Shoppers are buying Thanksgiving items early as stock levels of some core products are declining.
Although this Thanksgiving may be more traditional than last year’s get-togethers, consumers’ shopping habits are not normal in comparison to pre-pandemic times. That’s what fresh findings from Chicago-based market research firm IRI show, as shoppers remain mindful, if not worried, about possible product shortages and higher food costs.
According to IRI data for the week ending Oct. 17, more people are planning ahead and already buying items that are typically purchased closer to the run-up of Thanksgiving. Based on current in-stock rates of the top 25 Thanksgiving-related categories – which are fluctuating on a state-by-state and sometimes regional basis – IRI recommends that manufacturers and grocers monitor their stock levels to allocate enough products and accommodate shoppers who are shifting their shopping patterns amid supply chain concerns.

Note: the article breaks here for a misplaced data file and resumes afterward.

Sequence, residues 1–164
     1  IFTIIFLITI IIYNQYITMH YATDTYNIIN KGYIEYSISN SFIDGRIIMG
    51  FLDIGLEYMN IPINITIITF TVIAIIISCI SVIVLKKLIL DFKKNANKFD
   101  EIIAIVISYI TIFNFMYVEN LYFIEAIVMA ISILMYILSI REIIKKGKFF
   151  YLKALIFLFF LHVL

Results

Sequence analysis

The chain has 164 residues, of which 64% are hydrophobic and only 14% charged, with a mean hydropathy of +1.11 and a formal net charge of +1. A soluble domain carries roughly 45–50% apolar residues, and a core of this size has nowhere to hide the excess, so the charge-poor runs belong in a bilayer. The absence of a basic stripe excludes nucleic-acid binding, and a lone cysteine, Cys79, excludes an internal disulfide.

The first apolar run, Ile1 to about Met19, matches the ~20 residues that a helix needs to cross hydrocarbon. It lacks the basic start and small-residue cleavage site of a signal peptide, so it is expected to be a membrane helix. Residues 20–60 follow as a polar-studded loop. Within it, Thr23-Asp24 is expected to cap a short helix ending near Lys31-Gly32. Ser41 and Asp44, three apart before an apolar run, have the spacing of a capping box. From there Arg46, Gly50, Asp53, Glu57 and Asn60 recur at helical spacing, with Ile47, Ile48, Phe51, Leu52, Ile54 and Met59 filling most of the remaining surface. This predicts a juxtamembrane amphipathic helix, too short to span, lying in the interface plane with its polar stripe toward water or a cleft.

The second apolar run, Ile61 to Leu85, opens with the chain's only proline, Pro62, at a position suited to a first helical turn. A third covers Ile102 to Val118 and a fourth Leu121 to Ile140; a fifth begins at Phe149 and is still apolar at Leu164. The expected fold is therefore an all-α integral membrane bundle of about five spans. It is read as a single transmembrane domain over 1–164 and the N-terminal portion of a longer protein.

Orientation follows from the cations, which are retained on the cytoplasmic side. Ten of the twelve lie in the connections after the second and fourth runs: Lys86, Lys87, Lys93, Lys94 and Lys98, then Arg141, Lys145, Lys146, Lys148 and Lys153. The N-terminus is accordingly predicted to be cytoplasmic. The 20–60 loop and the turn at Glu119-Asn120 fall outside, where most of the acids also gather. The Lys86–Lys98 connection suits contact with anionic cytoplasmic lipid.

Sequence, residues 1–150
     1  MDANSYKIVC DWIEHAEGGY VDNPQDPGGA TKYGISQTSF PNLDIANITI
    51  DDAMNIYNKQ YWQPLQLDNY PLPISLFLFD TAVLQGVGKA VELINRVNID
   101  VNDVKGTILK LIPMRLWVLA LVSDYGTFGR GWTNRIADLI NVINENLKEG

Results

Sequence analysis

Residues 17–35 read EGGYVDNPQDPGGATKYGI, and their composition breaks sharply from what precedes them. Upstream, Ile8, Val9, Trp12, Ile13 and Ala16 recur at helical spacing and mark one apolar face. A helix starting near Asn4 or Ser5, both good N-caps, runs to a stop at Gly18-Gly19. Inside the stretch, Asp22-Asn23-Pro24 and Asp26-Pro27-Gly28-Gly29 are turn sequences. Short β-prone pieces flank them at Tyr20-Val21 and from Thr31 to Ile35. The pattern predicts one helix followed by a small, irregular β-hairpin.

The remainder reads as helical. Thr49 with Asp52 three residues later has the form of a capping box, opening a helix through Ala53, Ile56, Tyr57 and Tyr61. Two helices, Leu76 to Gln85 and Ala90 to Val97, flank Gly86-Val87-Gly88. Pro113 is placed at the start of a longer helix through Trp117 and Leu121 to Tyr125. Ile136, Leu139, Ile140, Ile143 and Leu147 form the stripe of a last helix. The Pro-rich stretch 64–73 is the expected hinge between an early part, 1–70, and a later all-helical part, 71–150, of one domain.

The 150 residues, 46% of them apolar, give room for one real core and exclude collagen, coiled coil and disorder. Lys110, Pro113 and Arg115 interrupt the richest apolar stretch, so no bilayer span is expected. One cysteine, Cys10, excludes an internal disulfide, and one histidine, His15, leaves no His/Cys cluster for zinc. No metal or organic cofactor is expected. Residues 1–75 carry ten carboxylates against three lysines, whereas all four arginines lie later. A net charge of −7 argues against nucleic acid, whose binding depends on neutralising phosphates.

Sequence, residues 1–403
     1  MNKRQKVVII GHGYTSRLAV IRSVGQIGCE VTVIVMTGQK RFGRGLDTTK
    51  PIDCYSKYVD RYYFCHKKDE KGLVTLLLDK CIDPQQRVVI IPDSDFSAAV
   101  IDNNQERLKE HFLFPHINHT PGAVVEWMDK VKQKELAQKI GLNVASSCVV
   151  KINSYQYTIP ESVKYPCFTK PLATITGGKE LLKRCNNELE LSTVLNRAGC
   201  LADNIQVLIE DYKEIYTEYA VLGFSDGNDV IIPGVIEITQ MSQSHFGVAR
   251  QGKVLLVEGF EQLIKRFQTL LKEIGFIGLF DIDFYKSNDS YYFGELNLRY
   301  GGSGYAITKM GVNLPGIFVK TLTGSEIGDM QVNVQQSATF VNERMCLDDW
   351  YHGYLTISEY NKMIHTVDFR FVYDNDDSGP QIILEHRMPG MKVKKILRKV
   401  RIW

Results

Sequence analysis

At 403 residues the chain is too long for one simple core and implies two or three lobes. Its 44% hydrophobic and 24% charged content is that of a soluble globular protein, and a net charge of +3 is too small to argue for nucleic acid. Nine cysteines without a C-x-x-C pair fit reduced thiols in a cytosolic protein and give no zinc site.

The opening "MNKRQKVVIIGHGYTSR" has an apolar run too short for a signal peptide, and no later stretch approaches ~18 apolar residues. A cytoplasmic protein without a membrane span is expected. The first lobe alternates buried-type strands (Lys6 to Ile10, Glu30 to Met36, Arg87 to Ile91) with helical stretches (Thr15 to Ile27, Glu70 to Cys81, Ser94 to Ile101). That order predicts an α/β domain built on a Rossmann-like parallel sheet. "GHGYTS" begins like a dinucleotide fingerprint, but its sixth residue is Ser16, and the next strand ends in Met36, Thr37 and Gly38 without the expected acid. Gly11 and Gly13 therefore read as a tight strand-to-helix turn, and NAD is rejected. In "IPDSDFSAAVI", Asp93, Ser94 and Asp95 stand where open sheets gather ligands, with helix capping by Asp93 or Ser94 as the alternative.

IRI’s latest information shows some relief on whipped toppings and frozen pastry shells that were less available last week, but indicates a lower stock level for other Thanksgiving staples of bottled cider and pie/pastry fillings. This underscores the need for shoppers and retailers to make substitutions if and when necessary on a daily or weekly basis, based on the most recent supply chain risks.
“There is some variation in availability of key products across markets and, therefore, brands must be strategic and leverage real-time data to understand demand granularly and optimize their promotions and supply chain operations to capture a slice of that opportunity and earn shoppers’ loyalty,” concluded Dr. Krishnakumar “KK” S. Davey, president of IRI client engagement.